In Marrakech, you can see the Atlas Mountains hovering in the distance. I have always heard how beautiful the mountains were and my interest was piqued. So we tore the kids away from the hotel pool and hired a guide to drive us into the Atlas Mountains. He took us to the closest villages near Marrakech which were in the Ourika Valley and a world away from the cosmopolitan buzz of the city.
Life in these villages appeared pretty traditional and the outside world seemed far away. There were people carrying their wares on donkeys, little children just hanging around and houses clinging to the cliffs onto which they are built. On the less quaint side, you did get the hard sell from trinket sellers and children begging for money.
We were invited into a Berber home for tea. I expect this home makes a pretty good living out of inviting tourists into their house.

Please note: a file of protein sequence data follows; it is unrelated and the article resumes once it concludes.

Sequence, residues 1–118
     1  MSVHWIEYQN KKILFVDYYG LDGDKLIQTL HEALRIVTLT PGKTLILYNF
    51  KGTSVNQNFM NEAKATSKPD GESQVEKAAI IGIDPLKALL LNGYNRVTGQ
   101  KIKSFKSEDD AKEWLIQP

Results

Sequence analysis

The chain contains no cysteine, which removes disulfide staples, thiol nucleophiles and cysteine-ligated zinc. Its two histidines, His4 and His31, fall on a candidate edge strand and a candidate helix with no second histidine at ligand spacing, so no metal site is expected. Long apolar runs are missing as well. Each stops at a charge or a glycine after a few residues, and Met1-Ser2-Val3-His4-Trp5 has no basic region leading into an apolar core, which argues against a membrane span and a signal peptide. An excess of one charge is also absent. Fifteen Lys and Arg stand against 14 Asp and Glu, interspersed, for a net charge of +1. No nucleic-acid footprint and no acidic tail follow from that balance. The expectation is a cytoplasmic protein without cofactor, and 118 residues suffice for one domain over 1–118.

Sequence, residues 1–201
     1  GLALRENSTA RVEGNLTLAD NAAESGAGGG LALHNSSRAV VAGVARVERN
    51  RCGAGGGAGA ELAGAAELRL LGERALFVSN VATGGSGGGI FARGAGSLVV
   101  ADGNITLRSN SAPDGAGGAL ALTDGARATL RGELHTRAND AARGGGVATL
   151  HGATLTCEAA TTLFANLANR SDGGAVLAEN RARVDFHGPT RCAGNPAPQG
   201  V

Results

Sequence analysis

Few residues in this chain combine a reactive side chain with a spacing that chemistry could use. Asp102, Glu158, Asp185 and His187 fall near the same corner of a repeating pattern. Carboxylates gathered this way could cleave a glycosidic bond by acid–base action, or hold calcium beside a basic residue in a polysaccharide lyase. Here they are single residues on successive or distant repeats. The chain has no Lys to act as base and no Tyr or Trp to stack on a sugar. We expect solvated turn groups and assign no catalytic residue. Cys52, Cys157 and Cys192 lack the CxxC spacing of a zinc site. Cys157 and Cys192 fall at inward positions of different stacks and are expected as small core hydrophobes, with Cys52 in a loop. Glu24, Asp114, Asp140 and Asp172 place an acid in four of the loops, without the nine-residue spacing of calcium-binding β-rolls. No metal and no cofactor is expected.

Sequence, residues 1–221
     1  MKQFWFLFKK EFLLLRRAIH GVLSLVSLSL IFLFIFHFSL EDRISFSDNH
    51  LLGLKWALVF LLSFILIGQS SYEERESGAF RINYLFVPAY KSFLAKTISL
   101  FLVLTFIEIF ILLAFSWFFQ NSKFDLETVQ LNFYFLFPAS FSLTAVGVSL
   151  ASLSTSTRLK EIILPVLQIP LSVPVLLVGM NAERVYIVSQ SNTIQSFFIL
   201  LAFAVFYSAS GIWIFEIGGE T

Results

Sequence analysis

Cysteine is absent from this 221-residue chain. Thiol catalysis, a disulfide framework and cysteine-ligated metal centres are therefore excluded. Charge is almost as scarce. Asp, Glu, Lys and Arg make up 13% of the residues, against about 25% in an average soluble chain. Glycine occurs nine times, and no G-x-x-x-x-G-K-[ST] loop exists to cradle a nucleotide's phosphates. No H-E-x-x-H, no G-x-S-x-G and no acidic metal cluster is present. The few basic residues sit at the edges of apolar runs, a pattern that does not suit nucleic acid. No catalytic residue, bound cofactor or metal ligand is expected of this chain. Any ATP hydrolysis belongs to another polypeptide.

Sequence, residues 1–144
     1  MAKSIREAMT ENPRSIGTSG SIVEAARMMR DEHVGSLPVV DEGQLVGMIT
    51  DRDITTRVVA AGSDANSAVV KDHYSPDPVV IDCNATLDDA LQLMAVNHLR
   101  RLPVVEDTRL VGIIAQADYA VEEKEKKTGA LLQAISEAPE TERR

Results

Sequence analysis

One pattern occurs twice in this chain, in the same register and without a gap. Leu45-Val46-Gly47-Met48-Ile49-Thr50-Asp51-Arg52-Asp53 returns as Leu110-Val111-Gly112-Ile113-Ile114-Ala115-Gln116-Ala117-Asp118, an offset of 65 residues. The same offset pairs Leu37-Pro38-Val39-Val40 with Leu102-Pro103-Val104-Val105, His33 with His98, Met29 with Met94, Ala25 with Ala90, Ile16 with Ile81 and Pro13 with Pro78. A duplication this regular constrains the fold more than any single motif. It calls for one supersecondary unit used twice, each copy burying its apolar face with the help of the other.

The house is built into the hillside and there are lots of little internal stairs. It was built on 3/4 levels and also a terrace from which there were amazing views.
I liked the colourful baskets which hung on the walls.
Old tagines stacked in the corner give evidence of feasts past.
This one-person hamam (steam bath) would be useful for those cold nights. You lit the fire outside and then took a bucket of water into the little hut and waited for the steam to build. Very efficient.
Our snack was made in the home’s kitchen. It was bread with delicious butter and honey on the side for spreads.
The butter was made in the home from milk made by the family’s cow who also had his little room right after the house entrance but before you entered the family living area.
Piles of wood are stocked up for the wood-burning fires. The walls hold the bellows to keep the fires burning. Both the heating and the cooking used wood-burning stoves.
I’m glad we got to see this different, quieter side of Morocco. It felt a world away from the hustle and bustle of the streets and souks of Marrakech.